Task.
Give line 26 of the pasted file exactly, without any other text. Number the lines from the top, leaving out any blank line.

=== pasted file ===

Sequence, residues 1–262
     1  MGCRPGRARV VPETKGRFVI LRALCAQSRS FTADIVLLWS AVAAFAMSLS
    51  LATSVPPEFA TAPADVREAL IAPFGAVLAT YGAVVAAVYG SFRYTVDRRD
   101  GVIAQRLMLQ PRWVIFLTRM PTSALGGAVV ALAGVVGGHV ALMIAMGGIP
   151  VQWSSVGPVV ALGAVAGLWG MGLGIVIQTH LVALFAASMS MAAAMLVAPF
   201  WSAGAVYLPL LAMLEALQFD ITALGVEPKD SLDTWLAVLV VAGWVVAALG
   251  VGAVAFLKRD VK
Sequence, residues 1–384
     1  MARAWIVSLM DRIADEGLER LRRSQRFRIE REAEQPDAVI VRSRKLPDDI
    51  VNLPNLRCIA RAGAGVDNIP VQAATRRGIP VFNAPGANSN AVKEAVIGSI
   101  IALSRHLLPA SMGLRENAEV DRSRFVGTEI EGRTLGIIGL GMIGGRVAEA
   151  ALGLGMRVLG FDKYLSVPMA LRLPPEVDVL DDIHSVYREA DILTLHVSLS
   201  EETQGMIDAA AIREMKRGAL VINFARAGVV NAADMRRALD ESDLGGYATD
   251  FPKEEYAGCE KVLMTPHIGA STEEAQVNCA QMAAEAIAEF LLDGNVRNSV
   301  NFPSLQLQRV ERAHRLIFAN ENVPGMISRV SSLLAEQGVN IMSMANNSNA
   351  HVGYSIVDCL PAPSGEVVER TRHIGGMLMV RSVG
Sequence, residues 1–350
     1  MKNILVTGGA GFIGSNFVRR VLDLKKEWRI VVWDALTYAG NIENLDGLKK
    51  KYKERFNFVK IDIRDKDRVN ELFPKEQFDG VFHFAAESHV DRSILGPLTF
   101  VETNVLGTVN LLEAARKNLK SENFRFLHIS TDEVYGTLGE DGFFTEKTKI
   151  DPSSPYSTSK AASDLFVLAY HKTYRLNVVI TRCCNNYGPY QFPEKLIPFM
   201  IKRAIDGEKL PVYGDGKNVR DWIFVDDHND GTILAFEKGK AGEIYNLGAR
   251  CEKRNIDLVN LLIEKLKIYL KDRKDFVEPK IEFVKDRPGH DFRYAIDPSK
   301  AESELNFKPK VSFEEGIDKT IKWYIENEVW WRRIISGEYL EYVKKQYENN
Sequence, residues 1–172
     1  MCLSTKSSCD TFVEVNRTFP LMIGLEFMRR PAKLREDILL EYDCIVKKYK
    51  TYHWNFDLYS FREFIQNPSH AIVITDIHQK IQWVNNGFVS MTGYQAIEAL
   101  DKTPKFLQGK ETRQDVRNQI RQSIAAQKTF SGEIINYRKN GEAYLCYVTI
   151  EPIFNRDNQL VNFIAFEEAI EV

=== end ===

     1  MCLSTKSSCD TFVEVNRTFP LMIGLEFMRR PAKLREDILL EYDCIVKKYK